Ketamine-Associated Pediatric Laryngospasm
Clinical variables fail to predict pediatric ketamine-associated laryngospasm.
In a 2009 meta-analysis of 8282 children undergoing ketamine sedation in the emergency department, investigators identified risk factors for airway and respiratory adverse events, including 22 occurrences (0.3%) of laryngospasm, defined as "stridor or other evidence of airway obstruction that did not improve with airway alignment maneuvers" (Ann Emerg Med 2009; 54:158). Now, the investigators performed a case-control analysis on the same dataset to assess predictors of ketamine-associated laryngospasm.
Each of the 22 case patients (median age, 3.7 years) was matched to 4 controls by American Society of Anesthesiologists (ASA) physical status ≥3 vs. <3, oropharyngeal procedure, ketamine dose, route of ketamine administration (intravenous vs. intramuscular), coadministration of anticholinergic agents, and coadministration of benzodiazepines (individual variables were excluded from matching when the variable was tested as a predictor). In univariate and multivariate analysis, the investigators evaluated the association between laryngospasm and each of seven variables: age, dose, oropharyngeal procedure, underlying physical illness, route of ketamine administration, coadministration of anticholinergics, and coadministration of benzodiazepines.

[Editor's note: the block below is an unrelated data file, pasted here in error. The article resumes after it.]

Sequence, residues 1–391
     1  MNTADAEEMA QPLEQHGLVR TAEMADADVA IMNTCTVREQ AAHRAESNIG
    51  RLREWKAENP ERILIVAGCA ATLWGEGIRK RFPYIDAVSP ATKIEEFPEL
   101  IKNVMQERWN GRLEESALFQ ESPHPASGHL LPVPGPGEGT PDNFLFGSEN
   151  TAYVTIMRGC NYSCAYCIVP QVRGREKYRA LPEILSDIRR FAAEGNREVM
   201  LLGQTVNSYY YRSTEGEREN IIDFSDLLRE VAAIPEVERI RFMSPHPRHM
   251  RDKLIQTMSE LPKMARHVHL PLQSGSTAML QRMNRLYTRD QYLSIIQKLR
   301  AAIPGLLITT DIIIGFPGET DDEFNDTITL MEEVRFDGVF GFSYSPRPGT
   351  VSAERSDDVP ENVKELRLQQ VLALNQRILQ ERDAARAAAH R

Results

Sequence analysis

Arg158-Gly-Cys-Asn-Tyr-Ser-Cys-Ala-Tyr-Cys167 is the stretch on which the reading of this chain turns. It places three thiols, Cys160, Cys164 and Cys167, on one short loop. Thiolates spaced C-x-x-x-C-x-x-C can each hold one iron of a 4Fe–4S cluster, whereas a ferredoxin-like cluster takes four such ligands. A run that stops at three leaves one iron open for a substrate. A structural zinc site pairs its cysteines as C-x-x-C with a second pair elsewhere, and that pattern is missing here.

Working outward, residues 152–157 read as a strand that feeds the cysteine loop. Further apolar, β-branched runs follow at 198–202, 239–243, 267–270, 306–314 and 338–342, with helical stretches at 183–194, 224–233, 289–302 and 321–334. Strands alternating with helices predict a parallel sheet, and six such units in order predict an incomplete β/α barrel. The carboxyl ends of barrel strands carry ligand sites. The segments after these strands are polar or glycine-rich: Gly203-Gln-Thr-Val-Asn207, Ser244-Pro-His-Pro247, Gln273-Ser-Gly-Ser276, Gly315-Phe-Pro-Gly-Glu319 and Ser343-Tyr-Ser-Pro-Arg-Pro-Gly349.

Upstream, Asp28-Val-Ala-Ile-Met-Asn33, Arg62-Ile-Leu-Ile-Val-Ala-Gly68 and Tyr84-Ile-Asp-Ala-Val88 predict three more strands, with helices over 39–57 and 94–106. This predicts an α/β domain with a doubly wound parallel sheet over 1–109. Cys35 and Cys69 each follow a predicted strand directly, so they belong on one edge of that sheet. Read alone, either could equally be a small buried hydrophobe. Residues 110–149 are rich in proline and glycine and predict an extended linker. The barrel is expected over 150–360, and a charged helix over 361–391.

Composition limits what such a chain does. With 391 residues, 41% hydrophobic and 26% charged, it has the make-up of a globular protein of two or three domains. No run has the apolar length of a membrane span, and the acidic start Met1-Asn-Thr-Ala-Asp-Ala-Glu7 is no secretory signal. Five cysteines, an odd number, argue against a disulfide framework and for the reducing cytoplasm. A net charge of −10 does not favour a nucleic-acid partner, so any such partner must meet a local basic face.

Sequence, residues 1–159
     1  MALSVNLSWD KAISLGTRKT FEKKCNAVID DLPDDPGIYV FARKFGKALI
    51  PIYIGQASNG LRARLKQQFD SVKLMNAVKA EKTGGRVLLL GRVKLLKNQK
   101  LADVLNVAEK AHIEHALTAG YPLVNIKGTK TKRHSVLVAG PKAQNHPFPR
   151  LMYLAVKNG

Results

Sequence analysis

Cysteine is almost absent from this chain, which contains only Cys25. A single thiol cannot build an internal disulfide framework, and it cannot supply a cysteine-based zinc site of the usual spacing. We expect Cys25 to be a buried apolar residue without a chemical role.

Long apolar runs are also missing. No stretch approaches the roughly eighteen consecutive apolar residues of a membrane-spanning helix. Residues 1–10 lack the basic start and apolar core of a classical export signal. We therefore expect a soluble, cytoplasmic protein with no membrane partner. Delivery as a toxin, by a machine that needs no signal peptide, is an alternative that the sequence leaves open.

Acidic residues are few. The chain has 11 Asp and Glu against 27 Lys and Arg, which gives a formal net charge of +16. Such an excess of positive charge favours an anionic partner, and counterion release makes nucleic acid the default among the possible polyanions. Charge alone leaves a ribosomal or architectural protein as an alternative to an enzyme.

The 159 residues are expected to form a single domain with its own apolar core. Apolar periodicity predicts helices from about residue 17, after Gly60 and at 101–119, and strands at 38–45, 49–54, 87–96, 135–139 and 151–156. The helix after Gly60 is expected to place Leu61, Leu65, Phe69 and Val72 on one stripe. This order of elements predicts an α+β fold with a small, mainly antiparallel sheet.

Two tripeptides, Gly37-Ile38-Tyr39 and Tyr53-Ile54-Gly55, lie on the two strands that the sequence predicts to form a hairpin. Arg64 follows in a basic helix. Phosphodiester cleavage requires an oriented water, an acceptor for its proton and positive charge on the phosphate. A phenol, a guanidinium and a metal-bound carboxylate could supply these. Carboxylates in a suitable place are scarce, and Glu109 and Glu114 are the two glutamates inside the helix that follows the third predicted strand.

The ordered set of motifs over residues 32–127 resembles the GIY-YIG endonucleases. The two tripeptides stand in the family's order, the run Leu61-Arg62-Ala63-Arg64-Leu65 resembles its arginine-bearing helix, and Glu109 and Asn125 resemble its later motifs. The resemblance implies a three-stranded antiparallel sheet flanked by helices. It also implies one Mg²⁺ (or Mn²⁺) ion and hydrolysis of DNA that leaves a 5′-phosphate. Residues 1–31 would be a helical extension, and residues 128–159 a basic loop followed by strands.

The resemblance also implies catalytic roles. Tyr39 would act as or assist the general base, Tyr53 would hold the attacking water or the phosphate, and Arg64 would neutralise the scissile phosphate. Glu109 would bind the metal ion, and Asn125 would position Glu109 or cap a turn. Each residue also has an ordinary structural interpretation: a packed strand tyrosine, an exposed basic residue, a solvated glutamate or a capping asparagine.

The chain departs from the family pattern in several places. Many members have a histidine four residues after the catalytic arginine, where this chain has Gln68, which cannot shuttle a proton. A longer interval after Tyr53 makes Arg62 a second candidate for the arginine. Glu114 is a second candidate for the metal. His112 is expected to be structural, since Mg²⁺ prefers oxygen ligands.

Benzodiazepine coadministration was the only variable that was significantly associated with laryngospasm and only in the multivariate analysis (odds ratio, 13.7). The number needed to treat with ketamine plus benzodiazepines to result in 1 occurrence of laryngospasm was 26. The authors question the validity of an association between benzodiazepine coadministration and laryngospasm, given the lack of statistical significance in the univariate analysis or in their previous regression analyses.
Comment: This study shows that ketamine-associated laryngospasm is rare and unpredictable. Although data on the association between benzodiazepine coadministration and laryngospasm are mixed, given the potential risk and the absence of evidence of benefit, routine coadministration should be avoided.
Katherine Bakes, MD
Published in Journal Watch Emergency Medicine November 24, 2010
Citation(s): Green SM et al. Laryngospasm during emergency department ketamine sedation: A case-control study. Pediatr Emerg Care 2010 Nov; 26:798.